Tests the ratio of two Windows Performance Counters. For example, the Rule can test the ratio of \Processor(_Total)\% Privileged Time and \Processor(_Total)\% User Time.


Tests the value of a specified function during the Analysis phase of profiling following call stack aggregation. Usually, either the value of InclusiveApplicationTimePercent or ExclusiveApplicationTimePercent for the function is tested.


Tests the value of a profile-specific Property value, often related to an error condition that was detected during the profiling run.


Tests the value of a profile-specific Property value that was calculated during aggregation. For example, the Rule can test the TotalSamples property to estimate the sampling error in the measurements gathered.


Tests the ratio of two profile-specific Property values that were calculated during aggregation. For example, the Rule can test the ratio of the NumKernelSamples property to the TotalSamples property.


Tests any of the Properties associated with the profiling. Some of these Properties are used to identify the type of profiling run: IsSampling, IsInstrumentation, IsAllocation, IsLifetime, IsConcurrency, IsResourceContention, or IsTip.


Composite conditions contain two nested child conditions that are evaluated independently, and a Boolean operator (either And or Or) that is used to join them logically. Composite conditions permit a single Rule to test for multiple conditions.

Composite conditions allow development of complex processing Rules. A child condition of a CompositeCondition can itself be a CompositeCondition, which allows condition statements to be nested to any arbitrary depth. Example 2 illustrates the use of nested CompositeCondition clauses to craft a Tool Guidance Rule that detects a sufficient level of activity inside ADO.NET and LINQ to SQL functions to suggest that gathering Tier Interaction measurements to augment the primary profiling collection data is worth doing.

Example 2: Compositecondition Clauses Permit Nesting Of Rule Condition Clauses To Any Arbitrary Depth

    <Title>Gather Tier Interaction measurements for database projects.</Title>
    <Category>Tool Guidance</Category>
    <GuidanceMessage>Gathering interaction measurements for multi-tiered applications will help you understand database usage patterns and key data access delays. Try profiling the application again with the Tier Interaction Profiling option enabled.</GuidanceMessage>
    <Condition xsi:type="CompositeCondition">
      <Condition1 xsi:type="VspPropertyBoolCondition">
      <Condition2 xsi:type="CompositeCondition">
        <Condition1 xsi:type="CompositeCondition">
          <Condition1 xsi:type="FunctionThresholdPercentCondition">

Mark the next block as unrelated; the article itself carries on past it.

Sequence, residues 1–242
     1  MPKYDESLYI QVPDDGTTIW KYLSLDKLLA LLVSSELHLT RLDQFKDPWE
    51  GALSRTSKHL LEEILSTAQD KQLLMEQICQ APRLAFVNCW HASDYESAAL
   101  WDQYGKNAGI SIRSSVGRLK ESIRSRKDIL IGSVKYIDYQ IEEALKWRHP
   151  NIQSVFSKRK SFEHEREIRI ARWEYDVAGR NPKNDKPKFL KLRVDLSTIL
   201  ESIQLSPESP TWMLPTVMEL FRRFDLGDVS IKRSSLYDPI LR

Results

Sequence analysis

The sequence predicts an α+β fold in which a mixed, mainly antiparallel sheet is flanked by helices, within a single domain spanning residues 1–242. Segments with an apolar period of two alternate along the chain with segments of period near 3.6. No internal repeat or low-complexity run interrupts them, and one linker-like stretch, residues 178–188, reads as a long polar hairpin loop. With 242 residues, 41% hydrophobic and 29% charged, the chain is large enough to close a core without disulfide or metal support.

<Condition2 xsi:type="FunctionThresholdPercentCondition">
        <Condition2 xsi:type="FunctionThresholdPercentCondition">

Many performance investigations are open-ended. Someone may have detected that a new version of the application in development is running 60% slower than the earlier version. You may want to use the Visual Studio Profiler to figure out why it is slower and, perhaps, even understand how to fix it. You may be called upon to investigate a performance problem in an application (or in parts of an application) that you are not very familiar with. When the performance problem being investigated is not well-defined in advance, or you are using the Profiler to look at someone else’s code for the first time, the amount of detailed performance data available in the Profiler reports can be challenging.

Under these circumstances, it is often useful to gather data from some basic Windows performance counters that monitor resource utilization during execution of the application being profiled. The Rules Engine is a facility that automatically initiates collection of a valuable set of Windows performance counters during a profiling run. For example, the Windows counter data gathered automatically includes processor and memory activity as well as specific measurements made by the .NET Framework runtime. The counter data enriches your view of an application’s resource consumption.

If you are able to use the Windows performance counters to identify a potential resource bottleneck, then you can use the Visual Studio profiling tools more effectively. Each one of the primary collection methods available in the Visual Studio 2010 Profiler is designed to help with a specific type of performance problem. (For example, a sampling profile illuminates problems associated with excessive CPU consumption.) See the Tools Guidance section of this document for a complete discussion of the affinity between the collection techniques and specific performance investigations. The high level view of the application’s resource usage profile that standard Windows performance counters provides are used to help guide your performance investigation.

Gathering Windows Counters

Rules based on Windows counters also have a data gathering function. This function ensures that any Windows performance counter referenced in a Performance Rule is automatically collected during the profiling run so that it is available during Rules Engine processing later in the Analysis phase.